Astronomers in Canada question the evidence behind an impressive new paper by Harvard University researchers suggesting that a mysterious cigar-shaped object found last year may have been an alien detector deliberately sent to Earth.
The document, recently submitted to the Astrophysical Journal Letters by astronomy at the Harvard Smithsonian Center for Astrophysics, suggests that the object known as "Oumuamua" – which means a remote messenger in Hawaii – has an artificial origin.
"Oumuamua can be a fully operational catheter deliberately sent to Earth near an extraterrestrial civilization," the authors of the book write.
Despite the enthusiasm surrounding the paper's claims, Paul Delaney, professor of astronomy and physics at York University of Toronto, and astrophysicist Alan Jackson at the University of Toronto's Planetary Sciences Center, expressed doubts about their accuracy.
"Let's not go too haunted here," Delaney told CTV's The Morning on Wednesday. "There is a suggestion from two astronomers that this may be of artificial origin. I think they are getting a bit."
Harvard researchers argue that the elongated interstellar object – believed to be the first known visitor that came out of our solar system – is not an asteroid or a comet because it has no features that distinguish these kinds of space rocks.
For example, Oumuamua is not bound by the gravitational pull of the sun, like other objects in our solar system, and it seems to accelerate at a different speed.
"He created what we call a non-gravity signature," explains Delaney. "That is, as he ran through the inner solar system and through the exit, he moved in a way that is not just explained by his gravitational signature from the sun."
Astronomers have suggested that the incredible speed of the enigmatic object – NASA said it was recorded from the inner solar system up to 112,000 km / h – may be the result of "exhausting," the way comets travel in space .
"The object could have been exhausted as a comet." If you have a balloon and you open the end, it's leaving, very quickly, because of this pressure from gas, "said Delaney.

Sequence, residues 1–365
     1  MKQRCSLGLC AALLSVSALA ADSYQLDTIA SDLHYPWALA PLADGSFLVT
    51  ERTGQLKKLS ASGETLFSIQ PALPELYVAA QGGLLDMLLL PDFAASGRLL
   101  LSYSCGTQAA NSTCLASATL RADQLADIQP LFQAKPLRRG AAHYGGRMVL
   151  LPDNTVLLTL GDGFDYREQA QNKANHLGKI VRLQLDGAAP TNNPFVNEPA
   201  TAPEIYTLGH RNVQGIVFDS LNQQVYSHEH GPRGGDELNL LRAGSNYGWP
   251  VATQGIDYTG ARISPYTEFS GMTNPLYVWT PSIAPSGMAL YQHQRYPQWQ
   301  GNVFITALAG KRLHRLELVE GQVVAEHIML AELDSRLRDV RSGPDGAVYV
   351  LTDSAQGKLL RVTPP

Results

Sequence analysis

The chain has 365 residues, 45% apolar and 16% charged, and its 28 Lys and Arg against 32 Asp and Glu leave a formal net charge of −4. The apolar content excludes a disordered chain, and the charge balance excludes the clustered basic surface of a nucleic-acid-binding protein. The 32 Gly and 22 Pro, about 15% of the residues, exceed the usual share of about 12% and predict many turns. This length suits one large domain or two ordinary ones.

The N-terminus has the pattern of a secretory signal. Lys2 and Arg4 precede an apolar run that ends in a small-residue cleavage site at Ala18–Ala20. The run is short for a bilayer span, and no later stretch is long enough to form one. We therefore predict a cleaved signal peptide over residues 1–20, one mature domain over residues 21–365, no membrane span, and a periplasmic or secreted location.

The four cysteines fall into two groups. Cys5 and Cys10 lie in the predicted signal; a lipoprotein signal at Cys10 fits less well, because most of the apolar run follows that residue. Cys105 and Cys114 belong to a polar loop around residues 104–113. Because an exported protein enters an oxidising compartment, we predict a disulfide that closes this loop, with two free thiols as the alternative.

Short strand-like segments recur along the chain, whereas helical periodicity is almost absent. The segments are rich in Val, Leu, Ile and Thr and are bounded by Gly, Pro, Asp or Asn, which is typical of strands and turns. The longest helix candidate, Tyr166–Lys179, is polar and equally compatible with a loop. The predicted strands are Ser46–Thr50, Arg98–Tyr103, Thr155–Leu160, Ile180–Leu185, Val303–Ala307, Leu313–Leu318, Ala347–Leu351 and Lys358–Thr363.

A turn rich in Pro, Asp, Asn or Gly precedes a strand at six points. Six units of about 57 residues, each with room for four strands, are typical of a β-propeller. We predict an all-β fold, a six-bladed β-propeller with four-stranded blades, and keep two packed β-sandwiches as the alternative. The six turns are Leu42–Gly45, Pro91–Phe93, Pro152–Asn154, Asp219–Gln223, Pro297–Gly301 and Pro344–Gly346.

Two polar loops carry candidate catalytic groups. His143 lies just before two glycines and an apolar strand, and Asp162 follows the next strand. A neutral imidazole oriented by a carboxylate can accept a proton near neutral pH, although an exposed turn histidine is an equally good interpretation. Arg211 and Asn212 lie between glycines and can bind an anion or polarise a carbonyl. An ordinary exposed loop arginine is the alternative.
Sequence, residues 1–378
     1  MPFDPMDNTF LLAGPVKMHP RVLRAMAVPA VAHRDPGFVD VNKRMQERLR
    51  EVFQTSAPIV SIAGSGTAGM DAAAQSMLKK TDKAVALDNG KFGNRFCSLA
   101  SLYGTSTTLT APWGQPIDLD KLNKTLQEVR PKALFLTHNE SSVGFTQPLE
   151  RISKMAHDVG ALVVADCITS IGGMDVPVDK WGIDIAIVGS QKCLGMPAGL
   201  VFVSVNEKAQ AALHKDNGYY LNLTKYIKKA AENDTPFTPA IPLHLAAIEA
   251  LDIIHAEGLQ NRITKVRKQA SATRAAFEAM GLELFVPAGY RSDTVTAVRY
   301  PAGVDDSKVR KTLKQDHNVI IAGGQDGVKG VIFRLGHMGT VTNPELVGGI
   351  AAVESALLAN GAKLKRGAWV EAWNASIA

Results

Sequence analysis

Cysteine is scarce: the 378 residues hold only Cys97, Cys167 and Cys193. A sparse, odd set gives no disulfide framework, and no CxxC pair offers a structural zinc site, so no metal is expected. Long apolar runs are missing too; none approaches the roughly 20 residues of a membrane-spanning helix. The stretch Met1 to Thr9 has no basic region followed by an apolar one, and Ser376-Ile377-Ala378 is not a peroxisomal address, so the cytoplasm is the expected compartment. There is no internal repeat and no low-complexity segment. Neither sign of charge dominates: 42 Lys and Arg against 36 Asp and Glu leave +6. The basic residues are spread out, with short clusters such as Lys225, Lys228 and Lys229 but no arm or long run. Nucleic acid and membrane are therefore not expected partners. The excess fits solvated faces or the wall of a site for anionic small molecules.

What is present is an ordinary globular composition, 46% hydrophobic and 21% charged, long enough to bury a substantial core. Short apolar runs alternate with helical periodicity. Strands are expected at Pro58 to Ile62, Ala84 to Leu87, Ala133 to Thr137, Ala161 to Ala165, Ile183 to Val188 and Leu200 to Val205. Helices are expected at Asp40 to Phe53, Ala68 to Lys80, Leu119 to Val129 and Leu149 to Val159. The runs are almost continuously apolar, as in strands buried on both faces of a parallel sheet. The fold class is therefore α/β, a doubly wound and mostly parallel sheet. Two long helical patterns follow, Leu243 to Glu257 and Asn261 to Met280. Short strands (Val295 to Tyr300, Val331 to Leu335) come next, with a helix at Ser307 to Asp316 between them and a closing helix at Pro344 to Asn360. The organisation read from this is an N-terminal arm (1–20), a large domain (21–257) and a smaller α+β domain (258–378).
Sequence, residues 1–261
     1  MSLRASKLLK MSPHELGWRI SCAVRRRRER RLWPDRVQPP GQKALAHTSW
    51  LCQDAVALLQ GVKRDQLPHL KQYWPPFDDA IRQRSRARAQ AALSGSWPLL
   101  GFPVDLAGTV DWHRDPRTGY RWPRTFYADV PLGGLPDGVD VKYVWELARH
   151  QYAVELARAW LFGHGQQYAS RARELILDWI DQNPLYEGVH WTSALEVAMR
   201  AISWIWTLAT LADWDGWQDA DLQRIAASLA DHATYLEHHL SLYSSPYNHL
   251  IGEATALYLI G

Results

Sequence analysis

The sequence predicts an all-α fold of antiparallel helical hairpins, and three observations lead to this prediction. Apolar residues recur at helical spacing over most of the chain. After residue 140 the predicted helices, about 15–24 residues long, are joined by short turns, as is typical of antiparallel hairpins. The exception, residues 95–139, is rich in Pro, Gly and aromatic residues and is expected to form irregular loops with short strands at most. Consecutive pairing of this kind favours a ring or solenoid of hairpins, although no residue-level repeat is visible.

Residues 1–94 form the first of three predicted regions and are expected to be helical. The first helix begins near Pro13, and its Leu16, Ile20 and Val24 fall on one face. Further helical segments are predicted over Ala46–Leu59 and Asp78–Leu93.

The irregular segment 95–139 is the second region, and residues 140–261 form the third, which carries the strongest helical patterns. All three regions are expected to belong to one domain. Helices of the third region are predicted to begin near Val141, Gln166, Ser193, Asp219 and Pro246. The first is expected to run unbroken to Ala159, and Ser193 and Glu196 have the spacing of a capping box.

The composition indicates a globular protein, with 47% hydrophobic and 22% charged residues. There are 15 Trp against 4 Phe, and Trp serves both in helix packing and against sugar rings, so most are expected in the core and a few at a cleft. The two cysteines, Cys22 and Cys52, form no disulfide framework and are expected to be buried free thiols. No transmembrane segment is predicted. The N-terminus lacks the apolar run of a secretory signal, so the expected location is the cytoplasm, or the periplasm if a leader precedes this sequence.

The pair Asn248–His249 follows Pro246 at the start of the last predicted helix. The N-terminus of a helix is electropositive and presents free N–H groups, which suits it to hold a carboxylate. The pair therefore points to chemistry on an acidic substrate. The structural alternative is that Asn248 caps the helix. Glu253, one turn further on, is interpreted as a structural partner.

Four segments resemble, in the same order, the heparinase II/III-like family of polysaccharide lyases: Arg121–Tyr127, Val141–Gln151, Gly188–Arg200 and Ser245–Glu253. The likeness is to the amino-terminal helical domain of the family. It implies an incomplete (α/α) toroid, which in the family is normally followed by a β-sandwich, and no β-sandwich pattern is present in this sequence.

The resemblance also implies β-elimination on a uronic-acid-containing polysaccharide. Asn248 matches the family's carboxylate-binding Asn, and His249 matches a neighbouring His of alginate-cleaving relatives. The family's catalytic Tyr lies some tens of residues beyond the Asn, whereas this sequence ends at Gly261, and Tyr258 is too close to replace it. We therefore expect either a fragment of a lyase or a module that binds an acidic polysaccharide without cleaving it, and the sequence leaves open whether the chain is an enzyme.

However, as Harvard researchers and Delaney have also recognized, astronomers have not been able to accurately identify Oumuamua as a comet because it does not have a tail or a "coma" around it.
Uncertainty has led to a rash guess about what the subject may be and where it came from, Delaney said.
When asked if there was a chance that Oumuamua is a lightweight cloth – a piece of technology used to push the spacecraft by harnessing solar energy from the sun – developed by an unknown intelligence, Delaney replied yes.
"Is it a chance?" "Is it a probability?" No, "he said. "Why it should be, it should be incredibly wide and very, very thin. We have no evidence to show that we actually saw what we saw."
Because astronomers could only study the subject and record data for about six to eight weeks when they first detected the internal solar system in March 2017, Delaney said there are still many unknowns.
"We chose this object after the closest approach to Earth and the closest approach to the sun," he said. "We could not have seen it for a long time, we have not got any definitive pictures of it, it was very small."
The image that accompanies research and articles about Oumuamua is just an artist's performance of what it may look like, Delaney explained.
The astronomer of the University of York is not alone with his skepticism about the research work.
When Jackson, the astrophysicist from the University of Toronto, was asked about it, he relied on the words of the renowned American astronomer Carl Sagan.
"Carl Sagan once said," extraordinary claims require extraordinary evidence, "and this document is clearly incomplete in evidence, no extraordinary evidence," Jackson said.
In this case, Delaney said that Harvard researchers do not have enough "excellent evidence" to support the surprising claim that aliens may have sent a spacecraft on Earth.
"It's not there, it's not that strange," he said. "It's a little speculation."